The move to grant emergency authorization to the Pfizer/BioNTech vaccine has been seen by many as a political coup for UK Prime Minister Boris Johnson, who has led his country out of the EU and faced criticism for his handling of the pandemic.
The decision was made under an ultra-fast, emergency approval process, which allowed the British drugs regulator to temporarily authorise the vaccine only ten days after it began examining data from large-scale trials.
In an unusually blunt statement, the European Medicines Agency (EMA), which is in charge of approving COVID-19 vaccines for the EU, said its longer approval procedure was more appropriate as it was based on more evidence and required more checks than the emergency procedure chosen by Britain.
The agency said on Tuesday it would decide by Dec. 29 whether to provisionally authorise the vaccine from U.S. drugmaker Pfizer and its German partner BioNTech.
A spokesman for the European Commission, the EU executive, said the EMA’s procedure was “the most effective regulatory mechanism to grant all EU citizens’ access to a safe and effective vaccine,” as it was based on more evidence.
June Raine, the head of Britain’s Medicines and Healthcare products Regulatory Agency (MHRA), defended its decision.
“The way in which the MHRA has worked is equivalent to all international standards,” she said.
“Our progress has been totally dependent on the availability of data in our rolling review and our rigorous assessment and independent advice we have received,” she added.
The EMA started a rolling review of preliminary data from Pfizer trials on 6 October, an emergency procedure aimed at speeding up possible approval, which usually takes at least seven months from reception of full data.
The UK regulator launched its own rolling review on Oct. 30, and analysed less data than made available to the EMA.
“The idea is not to be first but to have a safe and effective vaccine,” Germany’s Health Minister Jens Spahn told a news conference.
Asked about the emergency procedure used by Britain, he said EU countries had opted for a more thorough procedure to boost confidence in vaccines.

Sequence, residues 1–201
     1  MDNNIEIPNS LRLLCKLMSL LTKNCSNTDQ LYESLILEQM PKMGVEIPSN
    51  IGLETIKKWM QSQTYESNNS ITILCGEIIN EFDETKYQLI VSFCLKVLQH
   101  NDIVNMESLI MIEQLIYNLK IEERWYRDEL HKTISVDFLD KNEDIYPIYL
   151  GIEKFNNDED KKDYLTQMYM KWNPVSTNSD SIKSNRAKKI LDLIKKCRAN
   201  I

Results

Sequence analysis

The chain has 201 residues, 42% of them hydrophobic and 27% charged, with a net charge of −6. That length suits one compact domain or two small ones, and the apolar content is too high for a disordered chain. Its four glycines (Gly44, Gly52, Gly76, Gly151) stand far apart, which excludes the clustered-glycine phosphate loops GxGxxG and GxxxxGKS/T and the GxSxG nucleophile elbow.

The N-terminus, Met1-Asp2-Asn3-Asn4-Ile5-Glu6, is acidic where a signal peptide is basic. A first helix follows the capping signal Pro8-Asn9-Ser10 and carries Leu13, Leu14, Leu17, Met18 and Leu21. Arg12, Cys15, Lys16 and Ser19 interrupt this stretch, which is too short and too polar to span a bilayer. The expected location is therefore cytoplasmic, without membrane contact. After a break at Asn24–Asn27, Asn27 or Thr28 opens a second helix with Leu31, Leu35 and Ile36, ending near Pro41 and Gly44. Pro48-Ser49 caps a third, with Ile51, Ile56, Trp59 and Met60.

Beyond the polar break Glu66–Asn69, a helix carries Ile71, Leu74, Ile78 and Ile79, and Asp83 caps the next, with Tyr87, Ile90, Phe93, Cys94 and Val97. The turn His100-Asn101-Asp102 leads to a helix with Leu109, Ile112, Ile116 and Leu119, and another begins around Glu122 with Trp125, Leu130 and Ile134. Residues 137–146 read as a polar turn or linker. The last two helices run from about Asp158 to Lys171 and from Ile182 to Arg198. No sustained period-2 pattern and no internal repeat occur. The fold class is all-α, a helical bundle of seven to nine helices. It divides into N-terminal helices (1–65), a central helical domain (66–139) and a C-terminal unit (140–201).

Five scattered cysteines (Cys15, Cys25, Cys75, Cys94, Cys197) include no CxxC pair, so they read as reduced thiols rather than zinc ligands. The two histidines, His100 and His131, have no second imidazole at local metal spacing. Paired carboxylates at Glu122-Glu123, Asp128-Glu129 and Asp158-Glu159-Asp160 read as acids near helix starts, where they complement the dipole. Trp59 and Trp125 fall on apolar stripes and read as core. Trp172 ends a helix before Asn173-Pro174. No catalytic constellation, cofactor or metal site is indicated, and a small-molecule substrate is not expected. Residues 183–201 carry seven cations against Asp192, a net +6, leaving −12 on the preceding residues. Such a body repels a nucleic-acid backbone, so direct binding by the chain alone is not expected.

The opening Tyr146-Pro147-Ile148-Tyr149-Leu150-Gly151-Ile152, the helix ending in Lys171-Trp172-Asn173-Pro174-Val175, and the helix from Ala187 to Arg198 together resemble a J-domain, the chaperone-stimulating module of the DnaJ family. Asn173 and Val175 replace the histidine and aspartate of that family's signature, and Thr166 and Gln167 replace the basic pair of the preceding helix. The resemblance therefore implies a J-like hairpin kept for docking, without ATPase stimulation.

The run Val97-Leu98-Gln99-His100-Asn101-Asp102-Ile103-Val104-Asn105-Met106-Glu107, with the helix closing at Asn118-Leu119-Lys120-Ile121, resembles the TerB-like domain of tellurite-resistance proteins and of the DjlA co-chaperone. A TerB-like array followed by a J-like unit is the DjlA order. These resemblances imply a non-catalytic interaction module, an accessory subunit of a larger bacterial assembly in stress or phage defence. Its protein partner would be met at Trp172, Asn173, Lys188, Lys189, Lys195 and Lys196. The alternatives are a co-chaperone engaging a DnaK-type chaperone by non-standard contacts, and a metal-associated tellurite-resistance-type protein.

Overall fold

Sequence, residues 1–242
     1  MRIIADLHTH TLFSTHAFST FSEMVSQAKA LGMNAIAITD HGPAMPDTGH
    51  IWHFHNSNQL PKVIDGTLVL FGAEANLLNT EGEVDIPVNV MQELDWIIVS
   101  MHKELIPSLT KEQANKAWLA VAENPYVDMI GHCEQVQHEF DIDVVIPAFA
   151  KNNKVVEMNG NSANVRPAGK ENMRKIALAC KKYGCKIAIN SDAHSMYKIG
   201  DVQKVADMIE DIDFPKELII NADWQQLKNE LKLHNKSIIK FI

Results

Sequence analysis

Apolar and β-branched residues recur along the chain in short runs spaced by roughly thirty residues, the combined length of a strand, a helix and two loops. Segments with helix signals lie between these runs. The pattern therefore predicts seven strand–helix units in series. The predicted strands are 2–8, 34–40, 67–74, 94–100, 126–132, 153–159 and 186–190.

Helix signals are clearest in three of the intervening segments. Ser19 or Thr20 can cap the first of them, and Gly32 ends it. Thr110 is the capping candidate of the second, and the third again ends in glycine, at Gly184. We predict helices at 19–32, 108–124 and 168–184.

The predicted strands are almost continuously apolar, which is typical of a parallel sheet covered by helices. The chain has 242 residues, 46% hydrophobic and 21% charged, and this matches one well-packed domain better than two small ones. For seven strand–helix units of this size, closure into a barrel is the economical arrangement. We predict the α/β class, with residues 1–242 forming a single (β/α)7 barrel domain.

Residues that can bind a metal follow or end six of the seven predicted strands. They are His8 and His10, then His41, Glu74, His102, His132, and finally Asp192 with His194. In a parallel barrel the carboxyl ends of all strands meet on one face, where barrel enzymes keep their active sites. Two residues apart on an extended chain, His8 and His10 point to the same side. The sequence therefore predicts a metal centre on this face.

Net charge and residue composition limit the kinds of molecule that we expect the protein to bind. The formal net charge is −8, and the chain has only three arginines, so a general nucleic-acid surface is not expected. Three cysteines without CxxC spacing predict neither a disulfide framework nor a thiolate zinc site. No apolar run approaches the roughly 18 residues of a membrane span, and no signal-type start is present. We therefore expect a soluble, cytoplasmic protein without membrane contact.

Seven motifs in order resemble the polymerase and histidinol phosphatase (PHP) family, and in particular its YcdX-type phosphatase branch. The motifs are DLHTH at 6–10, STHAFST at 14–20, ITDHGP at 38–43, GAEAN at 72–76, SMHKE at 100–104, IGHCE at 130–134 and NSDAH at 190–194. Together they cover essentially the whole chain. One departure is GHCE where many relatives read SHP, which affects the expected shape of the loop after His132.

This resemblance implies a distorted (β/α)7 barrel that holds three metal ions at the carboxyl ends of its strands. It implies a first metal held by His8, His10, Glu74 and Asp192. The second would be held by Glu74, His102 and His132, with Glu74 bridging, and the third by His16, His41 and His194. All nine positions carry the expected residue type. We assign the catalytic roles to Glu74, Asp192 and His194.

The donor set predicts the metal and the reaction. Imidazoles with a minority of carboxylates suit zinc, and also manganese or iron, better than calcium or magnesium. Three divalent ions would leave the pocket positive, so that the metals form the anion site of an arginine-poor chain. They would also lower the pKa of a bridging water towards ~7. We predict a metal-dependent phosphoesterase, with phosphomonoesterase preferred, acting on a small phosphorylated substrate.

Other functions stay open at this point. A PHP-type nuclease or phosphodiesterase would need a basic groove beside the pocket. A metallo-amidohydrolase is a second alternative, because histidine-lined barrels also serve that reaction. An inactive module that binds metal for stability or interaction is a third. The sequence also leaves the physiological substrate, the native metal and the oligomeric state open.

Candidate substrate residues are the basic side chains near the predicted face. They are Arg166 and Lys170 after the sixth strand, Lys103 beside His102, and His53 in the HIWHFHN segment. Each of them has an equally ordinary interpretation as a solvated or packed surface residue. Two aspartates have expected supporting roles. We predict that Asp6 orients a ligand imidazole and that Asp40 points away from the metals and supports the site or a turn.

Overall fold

“If you evaluate only the partial data as they are doing they also take a minimum of risk,” the EMA’s former head Guido Rasi told an Italian radio.
“Personally I would have expected a robust review of all available data, which the British government has not done to be able to say that without Europe you come first,” he added.
EU lawmakers were even more explicit in their criticism of Britain’s move.
“I consider this decision to be problematic and recommend that EU Member States do not repeat the process in the same way,” said Peter Liese, an EU lawmaker who is a member of German Chancellor Angela Merkel’s party.
“A few weeks of thorough examination by the European Medicines Agency is better than a hasty emergency marketing authorization of a vaccine,” said Liese, who represents the centre right grouping, the largest in the EU Parliament.
Under EU rules, the Pfizer vaccine must be authorized by the EMA, but EU countries can use an emergency procedure that allows them to distribute a vaccine at home for temporary use.
Britain is still subject to EU rules until it fully leaves the bloc at the end of the year.
“There is an obvious global race to get the vaccine on the market as fast as possible,” said Tiemo Wolken, an EU lawmaker from the socialist grouping, the second largest in the Parliament.
“However, I do believe that it is better to take the time and make sure that the quality, effectiveness and safety is guaranteed and matches our EU standards.”